politifact_photos_mega-center-release-graphicAs the chart above shows and the chart at the side hides, the major activities of Planned Parenthood are providing knowledge and means of contraception, and screening and treatment for sexually-transmitted infections and diseases.

I understand that if you think abortion is equivalent to murder, not even one abortion should be allowed.  But it is up to you to make that case.  It does not justify distorting the facts about the work of Planned Parenthood.

According to my reading of the Constitution, the move to de-fund Planned Parenthood may be contrary to Article One, Section 9, which forbids bills of attainder.   A bill of attainder is a law to punish a particular individual or organization rather than a particular action—in this case, to de-fund Planned Parenthood rather than to de-fund abortion service providers in general.

I think that planned parenthood in its broad meaning—knowledge and use of contraception—is the best way to reduce the number of abortions.  I think a lot of those who want to de-fund Planned Parenthood object to planned parenthood in its broad meaning.

I think such people object to anything that would shield a woman from pregnancy, sexually transmitted disease or any other bad consequence of having sex outside marriage.  Or anything that would enable a married woman to prevent pregnancy.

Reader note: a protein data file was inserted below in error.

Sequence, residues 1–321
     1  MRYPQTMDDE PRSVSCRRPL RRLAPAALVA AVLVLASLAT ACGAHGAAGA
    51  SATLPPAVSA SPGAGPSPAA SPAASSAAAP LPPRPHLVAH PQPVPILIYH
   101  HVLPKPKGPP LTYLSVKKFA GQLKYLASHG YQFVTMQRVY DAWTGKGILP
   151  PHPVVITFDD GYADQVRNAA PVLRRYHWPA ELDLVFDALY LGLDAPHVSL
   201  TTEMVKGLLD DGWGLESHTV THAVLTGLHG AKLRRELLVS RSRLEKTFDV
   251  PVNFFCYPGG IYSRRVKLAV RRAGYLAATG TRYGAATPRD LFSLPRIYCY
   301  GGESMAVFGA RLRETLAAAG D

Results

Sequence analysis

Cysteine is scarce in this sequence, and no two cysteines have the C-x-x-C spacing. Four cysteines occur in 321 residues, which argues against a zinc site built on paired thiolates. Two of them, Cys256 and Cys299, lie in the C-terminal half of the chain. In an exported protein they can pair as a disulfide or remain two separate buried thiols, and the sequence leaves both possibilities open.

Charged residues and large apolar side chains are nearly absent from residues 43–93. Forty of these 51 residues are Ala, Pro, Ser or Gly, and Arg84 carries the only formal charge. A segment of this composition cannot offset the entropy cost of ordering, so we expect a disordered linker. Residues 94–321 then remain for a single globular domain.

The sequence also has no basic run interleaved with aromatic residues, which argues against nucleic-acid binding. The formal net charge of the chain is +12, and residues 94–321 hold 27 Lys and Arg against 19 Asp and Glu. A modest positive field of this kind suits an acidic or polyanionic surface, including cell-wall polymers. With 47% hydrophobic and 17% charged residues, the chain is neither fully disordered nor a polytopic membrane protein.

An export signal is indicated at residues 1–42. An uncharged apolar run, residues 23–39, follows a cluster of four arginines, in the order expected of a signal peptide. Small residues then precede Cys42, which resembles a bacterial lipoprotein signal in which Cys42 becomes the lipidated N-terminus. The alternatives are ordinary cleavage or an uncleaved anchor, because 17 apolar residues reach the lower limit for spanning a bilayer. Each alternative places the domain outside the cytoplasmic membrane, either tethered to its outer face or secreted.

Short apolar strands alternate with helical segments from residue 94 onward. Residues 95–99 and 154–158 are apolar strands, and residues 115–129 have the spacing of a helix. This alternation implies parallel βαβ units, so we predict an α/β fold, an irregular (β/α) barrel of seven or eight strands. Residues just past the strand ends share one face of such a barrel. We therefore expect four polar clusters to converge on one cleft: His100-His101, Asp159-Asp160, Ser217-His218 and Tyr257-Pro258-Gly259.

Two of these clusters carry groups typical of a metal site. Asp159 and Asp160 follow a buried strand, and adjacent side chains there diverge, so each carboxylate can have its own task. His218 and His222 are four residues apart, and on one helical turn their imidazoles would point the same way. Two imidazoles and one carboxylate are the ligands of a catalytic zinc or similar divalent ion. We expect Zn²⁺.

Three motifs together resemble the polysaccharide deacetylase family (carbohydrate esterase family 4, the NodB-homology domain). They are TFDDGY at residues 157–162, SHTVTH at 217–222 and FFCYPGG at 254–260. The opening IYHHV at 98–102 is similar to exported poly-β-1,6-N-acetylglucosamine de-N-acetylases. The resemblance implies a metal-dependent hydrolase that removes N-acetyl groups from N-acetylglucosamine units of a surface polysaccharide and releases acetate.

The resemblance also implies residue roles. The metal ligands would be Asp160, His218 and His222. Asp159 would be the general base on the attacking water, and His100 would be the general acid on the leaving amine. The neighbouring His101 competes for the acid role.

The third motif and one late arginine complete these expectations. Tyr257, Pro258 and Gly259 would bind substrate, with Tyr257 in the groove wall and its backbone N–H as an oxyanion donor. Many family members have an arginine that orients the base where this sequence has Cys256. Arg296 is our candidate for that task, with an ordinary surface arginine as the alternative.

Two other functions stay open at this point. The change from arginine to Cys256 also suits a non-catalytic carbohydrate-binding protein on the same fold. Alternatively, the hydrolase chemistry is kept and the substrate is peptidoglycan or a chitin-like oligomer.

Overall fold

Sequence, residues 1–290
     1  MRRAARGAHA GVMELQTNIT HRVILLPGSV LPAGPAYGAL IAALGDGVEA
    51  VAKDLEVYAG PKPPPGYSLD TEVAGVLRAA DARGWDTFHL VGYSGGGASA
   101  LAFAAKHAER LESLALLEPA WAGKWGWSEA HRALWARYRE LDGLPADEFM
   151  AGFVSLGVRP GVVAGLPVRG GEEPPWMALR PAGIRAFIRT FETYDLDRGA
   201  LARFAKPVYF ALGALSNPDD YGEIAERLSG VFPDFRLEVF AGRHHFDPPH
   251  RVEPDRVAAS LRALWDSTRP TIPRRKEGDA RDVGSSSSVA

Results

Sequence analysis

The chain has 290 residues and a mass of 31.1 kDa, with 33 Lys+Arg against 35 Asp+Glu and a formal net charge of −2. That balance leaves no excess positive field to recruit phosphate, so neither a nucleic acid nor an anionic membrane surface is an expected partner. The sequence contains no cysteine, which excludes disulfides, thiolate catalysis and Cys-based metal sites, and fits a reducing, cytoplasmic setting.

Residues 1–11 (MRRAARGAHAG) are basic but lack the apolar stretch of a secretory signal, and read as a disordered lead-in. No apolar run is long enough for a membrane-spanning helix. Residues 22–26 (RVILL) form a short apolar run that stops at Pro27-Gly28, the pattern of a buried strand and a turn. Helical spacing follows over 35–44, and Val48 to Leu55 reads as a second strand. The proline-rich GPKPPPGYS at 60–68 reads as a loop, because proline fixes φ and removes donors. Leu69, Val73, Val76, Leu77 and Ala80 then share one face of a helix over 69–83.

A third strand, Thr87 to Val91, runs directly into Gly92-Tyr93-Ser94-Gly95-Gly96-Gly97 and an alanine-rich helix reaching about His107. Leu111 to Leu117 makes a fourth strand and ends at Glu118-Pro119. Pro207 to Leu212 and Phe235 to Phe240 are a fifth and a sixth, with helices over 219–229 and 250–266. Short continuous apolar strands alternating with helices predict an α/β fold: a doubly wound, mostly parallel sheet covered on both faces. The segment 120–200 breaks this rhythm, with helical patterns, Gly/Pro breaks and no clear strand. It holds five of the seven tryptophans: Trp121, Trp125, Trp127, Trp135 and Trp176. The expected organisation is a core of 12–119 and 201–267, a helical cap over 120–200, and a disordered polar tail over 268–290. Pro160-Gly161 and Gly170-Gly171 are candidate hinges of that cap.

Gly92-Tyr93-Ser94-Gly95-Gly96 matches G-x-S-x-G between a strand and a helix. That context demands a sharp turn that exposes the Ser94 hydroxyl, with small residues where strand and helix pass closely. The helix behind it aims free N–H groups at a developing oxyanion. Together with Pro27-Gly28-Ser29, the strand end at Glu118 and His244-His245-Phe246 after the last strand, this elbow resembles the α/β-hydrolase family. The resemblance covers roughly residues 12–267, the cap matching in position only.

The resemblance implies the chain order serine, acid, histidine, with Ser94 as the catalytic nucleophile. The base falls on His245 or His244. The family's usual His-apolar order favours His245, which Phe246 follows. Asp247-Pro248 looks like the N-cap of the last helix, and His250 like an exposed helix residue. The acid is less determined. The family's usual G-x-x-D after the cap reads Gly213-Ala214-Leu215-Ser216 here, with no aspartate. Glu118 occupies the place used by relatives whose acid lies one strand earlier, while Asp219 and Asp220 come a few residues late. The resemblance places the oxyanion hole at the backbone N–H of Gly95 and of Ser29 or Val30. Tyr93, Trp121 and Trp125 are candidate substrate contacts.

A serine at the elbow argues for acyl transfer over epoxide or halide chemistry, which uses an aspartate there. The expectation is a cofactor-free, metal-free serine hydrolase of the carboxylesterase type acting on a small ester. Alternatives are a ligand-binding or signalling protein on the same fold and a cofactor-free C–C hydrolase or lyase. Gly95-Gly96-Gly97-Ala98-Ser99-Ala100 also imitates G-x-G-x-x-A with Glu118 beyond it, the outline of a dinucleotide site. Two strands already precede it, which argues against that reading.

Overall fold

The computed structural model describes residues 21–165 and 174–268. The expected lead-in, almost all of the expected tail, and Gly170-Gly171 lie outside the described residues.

LINKS

Whatever you think of Planned Parenthood, this is a terrible and dishonest chart by Timothy B. Lee for Vox.

The continuing Republican war on gynecology by Amanda Marcotte for Pandagon.

How a fake scientific study made the world sicker

September 28, 2015

vaccines-and-autism-89a95934a2e5e6433d229e2f44ee4b8fHat tip to Upworthy and the Bill and Melinda Gates Foundation.

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The limited criminal liability corporation

September 21, 2015

The modern corporation is a structure that allows investors to maximize profit while limiting their individual losses.  The Volkswagen emissions scandal shows that it also is a structure that enables lawbreakers to limit their individual accountability for their crimes.

Because the corporation is treated by law as a person separate from its owners, the individual investors can’t lose anything more than what they put in.  Any debts over and above that are swallowed by the creditor or absorbed by somebody else.

vwWhen executives of a corporation break the law, it usually is the corporation, most of whose employees and owners may be completely innocent, that is penalized and not the individuals actually responsible.

Volkswagen since 2009 installed software in 482,000 diesel vehicles to turn on emissions control systems when approaching an inspection station, but leave them off the rest of the time, which improved fuel economy and engine performance.

Dirty-burning fuel sickened many people and made already-sick people worse.  By one estimate, it caused the deaths of from 5 to 26 people in southern California alone.

Installing such software is no easy task.  Corporate executives would have had to sign off on it.

News stories say that Volkswagen could be liable for up to $37,500 per vehicle, which would mean a penalty of $18 billion.  That would be a big fine.  Last year Volkswagen reported a net profit of $12 billion on $226 billion in revenue.  I would be surprised if VW wound up paying this amount.